Summer Catchers is a great game, but I’m not very good at it. Not because it’s particularly difficult or incomprehensible. But because I need to stop playing games that require quick thinking and reflexes at night—which is incidentally the only time I have to play games these days.
Summer Catchers is part car-racing, part platformer. You play a little girl who wakes up in the middle of winter realizing that she’s never seen summer. After a funny conversation with a wolf who owns the woodshop nearby, she uses a cart he gifts her to race through the hills of the wintry forest in search of summer.
I really love the art style of this game. Every time I think I’m tired of pixelated or retro-skinned titles, I find one that adds enough dimension and an interesting palette to draw me back in. Summer Catchers is that game. From the very beginning, the game opens with soft, sweet music. Pixelated snowflakes fall delicately from the sky—turning and flipping on a three-dimensional axis. The foreground, middleground, and background all blend and blur to make the forest feel vast. It’s wonderfully done.
The best part? Summer Catchers can easily be played with a Joy-Con or Pro Controller. Its controls are simple. The cart moves along the hills and valleys of the forest without input for ignition or steering. You cycle through tools purchased from the wolf with collected mushrooms, and use the tools at the right time on the tracks. Some challenges have special tools, but in most cases you’ll start off using a boost, jumper, or a plow to bust through obstacles.
The trick comes with your timing and ability to think quickly about which tool you need. You can see three at any given time, and they’re all randomly presented to you. You do have the option to swap out tools between actions, but whatever replaces it is also random.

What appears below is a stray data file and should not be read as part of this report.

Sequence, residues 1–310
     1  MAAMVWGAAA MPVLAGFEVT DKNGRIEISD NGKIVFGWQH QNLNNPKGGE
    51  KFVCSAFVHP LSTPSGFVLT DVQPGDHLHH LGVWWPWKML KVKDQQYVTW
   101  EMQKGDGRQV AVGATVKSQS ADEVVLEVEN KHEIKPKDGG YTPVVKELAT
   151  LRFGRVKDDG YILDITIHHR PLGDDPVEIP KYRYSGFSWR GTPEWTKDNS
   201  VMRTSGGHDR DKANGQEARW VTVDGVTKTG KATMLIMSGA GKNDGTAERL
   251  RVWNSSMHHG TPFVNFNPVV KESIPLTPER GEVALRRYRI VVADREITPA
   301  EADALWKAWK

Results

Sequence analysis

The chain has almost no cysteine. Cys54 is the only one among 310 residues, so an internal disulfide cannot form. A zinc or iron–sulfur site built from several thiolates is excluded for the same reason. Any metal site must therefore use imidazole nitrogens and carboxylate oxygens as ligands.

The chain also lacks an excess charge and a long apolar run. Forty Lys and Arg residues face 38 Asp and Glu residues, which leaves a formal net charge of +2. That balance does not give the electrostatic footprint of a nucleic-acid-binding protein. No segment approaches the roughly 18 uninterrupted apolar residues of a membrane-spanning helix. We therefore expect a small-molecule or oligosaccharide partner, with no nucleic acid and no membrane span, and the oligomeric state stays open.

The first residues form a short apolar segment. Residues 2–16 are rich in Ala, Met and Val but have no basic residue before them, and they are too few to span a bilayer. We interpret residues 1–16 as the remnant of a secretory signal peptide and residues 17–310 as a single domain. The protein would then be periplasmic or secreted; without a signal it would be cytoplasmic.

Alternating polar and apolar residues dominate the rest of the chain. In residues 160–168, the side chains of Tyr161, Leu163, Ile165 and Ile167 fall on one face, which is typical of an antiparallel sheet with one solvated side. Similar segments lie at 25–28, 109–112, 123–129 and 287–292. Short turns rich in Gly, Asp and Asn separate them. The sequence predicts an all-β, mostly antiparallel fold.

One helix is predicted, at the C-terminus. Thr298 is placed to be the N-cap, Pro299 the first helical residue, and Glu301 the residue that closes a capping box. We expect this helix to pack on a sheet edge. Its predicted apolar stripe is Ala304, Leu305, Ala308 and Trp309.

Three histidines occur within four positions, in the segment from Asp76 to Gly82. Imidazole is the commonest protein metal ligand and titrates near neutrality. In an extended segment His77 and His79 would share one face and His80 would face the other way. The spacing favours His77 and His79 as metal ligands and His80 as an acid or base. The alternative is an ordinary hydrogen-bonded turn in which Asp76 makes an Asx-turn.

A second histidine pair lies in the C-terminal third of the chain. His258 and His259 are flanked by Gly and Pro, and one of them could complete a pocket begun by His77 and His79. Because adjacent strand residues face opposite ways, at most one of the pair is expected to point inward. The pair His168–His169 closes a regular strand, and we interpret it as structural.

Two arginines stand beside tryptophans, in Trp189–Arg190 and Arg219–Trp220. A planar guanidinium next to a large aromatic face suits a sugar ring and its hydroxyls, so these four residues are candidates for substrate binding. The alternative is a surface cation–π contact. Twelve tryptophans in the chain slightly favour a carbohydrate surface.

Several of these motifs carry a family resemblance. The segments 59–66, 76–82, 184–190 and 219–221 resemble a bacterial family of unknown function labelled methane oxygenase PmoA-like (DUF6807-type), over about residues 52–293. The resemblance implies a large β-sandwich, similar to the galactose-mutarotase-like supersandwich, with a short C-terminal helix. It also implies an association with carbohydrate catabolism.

This is why playing late at night, when I’m most tired, isn’t my best option for getting through a level in one piece in Summer Catchers. The foreground might sometimes obscure obstacles if you’re not looking ahead well enough. Your tools may not present any helpful options, so you have to get creative or be willing to take a hit. Too many hits, and you’ll start back at the shop. In moments of frustration, fear not, impatient gamers! You can rapidly press A while hovering over the repair station to jump back into the level quickly.
Another thing I feel I should share, because the game waits to tell you this until you fail a level, is that you can change the difficulty by navigating to your menu while at the wolf’s shop. Cranking this down did help a lot for my late-night brain, but I still found trouble with the first “boss” level, in which a weird looking yeti creature chased me through the forest.
It’s hard to be mad at a game like Summer Catchers that has such a sweet sense of humor and such an interesting way to present a simplistic gameplay design. I may be too groggy for this one, but I caught myself staying up later than I should to try and fail multiple times over. If you’re looking for the next indie platform that’s not just a character jumping from ledge-to-ledge, I definitely recommend Summer Catchers.